San Francisco Municipal Transportation Agency
1 South Van Ness, San Francisco, CA 94103

(415) 701-5235

Wednesday, May 9, 2012

Brad Newsham's Call For Taxi Workers To Unite, Part 1. (Online Version Of His Newsletter.)

File Photo by John Han.
(Opinions expressed on this site reflect the views of their authors, and don't necessarily reflect the views of the website's publisher.)

By Brad Newsham.


IMAGINE the government of North Korea or South Africa or Iraq or Arizona passing a law dividing the populace into Haves and Havenots. They tell the Haves, “You get our country’s riches.” And the Havenots? “You get zero – plus each of you has to pay $4,000/year to fund our gifts to the Haves.” 

Surely the San Francisco Board of Supervisors would immediately pass a resolution condemning such lunacy!

But here’s a dirty secret: San Francisco’s MTA has drawn a line down the middle of its 10,000 workers. The Haves (bus drivers, parking and traffic police, office staff, mana-gers – 5,000 workers total) receive City paychecks; sick, vacation, and overtime pay; health care; and retirement.  

The MTA’s other workers, the city’s 5,000 cab drivers?  Nothing.

Brad Newsham's Call For Taxi Workers To Unite, Part 2. (Online Version Of HIs Newsletter).

File Photo by John Han.
(Opinions expressed on this site reflect the views of their authors, and don't necessarily reflect the views of the website's publisher.)

By Brad Newsham


The San Francisco Municipal Transportation Agency (MTA) is finalizing its dream plan to take roughly $20 million each year from San Francisco’s cab drivers to fund paychecks and full benefits for Muni drivers, parking police, and MTA management.

The public is unaware. The cab industry (no paychecks, zero benefits) is in a state of leaderless shock.

In 1978, San Francisco voters passed a law saying that taxicab permits (medallions) would go to working drivers only. Finally, cab companies had to share the industry’s profits with the workers generating those profits.  Drivers loved the law – some were able to make a down payment on a house or send a kid to college.

Cab companies hated the law – during the next 30 years they tried to change it eight times, but each time the city’s voters said, “No, we like our cab drivers. We’re keeping the law.”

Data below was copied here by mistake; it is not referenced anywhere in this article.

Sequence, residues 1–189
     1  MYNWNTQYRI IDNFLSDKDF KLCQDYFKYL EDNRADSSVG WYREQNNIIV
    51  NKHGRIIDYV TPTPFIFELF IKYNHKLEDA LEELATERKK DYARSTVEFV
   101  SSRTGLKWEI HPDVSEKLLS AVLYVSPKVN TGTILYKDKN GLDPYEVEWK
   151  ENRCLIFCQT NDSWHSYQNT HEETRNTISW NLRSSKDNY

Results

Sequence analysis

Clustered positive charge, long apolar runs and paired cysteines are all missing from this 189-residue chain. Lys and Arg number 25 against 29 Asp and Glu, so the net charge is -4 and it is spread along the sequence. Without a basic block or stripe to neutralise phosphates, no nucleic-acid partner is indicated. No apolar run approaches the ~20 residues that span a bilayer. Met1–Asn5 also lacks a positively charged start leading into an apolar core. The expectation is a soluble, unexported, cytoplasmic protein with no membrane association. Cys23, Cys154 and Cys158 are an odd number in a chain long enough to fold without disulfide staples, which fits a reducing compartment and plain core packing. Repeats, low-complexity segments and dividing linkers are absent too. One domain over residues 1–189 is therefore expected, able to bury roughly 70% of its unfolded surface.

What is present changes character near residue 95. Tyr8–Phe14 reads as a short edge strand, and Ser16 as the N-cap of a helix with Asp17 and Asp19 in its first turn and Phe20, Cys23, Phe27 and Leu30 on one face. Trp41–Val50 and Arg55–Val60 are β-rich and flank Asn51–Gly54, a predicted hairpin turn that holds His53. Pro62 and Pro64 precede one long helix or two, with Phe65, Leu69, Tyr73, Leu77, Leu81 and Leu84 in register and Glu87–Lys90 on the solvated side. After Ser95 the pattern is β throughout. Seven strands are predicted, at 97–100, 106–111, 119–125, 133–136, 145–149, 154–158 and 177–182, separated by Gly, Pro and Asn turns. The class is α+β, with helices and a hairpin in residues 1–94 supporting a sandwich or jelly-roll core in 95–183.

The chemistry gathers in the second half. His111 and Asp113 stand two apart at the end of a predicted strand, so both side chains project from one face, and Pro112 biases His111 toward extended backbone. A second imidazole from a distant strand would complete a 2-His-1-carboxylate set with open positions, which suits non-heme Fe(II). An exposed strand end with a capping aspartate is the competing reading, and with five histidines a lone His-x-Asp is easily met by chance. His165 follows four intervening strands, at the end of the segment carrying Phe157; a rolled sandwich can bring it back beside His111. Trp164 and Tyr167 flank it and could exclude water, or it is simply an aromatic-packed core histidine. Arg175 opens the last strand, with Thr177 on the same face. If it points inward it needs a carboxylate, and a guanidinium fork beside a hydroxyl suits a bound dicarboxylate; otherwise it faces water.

Then in 2007, a group of City Hall insiders and cab company officials proposed a new law placing the cab industry under MTA control – to allow the agency’s professional managers to fix several cab industry problems, they said.  Don’t worry, Mayor Newsom told us (in writing), taxicab permits will still go only to working cab drivers.  

At a public meeting, Newsom’s aide promised, “The cab industry will not become a cash cow.”

Thursday, May 3, 2012

KTVU Reports, "High-tech Car Service At Odds With SF Cab Companies, Regulators."

Uber car service app
A new car service business called Uber is aiming to compete with SF cab companies by providing a fashionable way to get around the city, but questions about its legality have a powerful state agency investigating the glossy startup.
Uber -- which means "about" or "above" in German – is a technology startup that connects customers to professional town car and limo drivers via a smartphone app, SMS text messages and the internet.         
Eric Flynn is a San Francisco native who works as an advertising copywriter. He is just the kind of person the upstart company Uber aims its marketing towards.
"I was exposed to it through an industry party, an advertising party, said Flynn. Uber was one of the sponsors."
Uber claims on its website that it wants to make on-demand car service accessible to anyone at a lower than usual cost and advertises itself as "your on-demand private driver."
CLICK HERE to go to KTVU's full story, "High-tech Car Service At Odds With SF Cab Companies, Regulators."
SPECIAL REPORT: Tech-minded car service looks to muscle business from SF cab companies gallery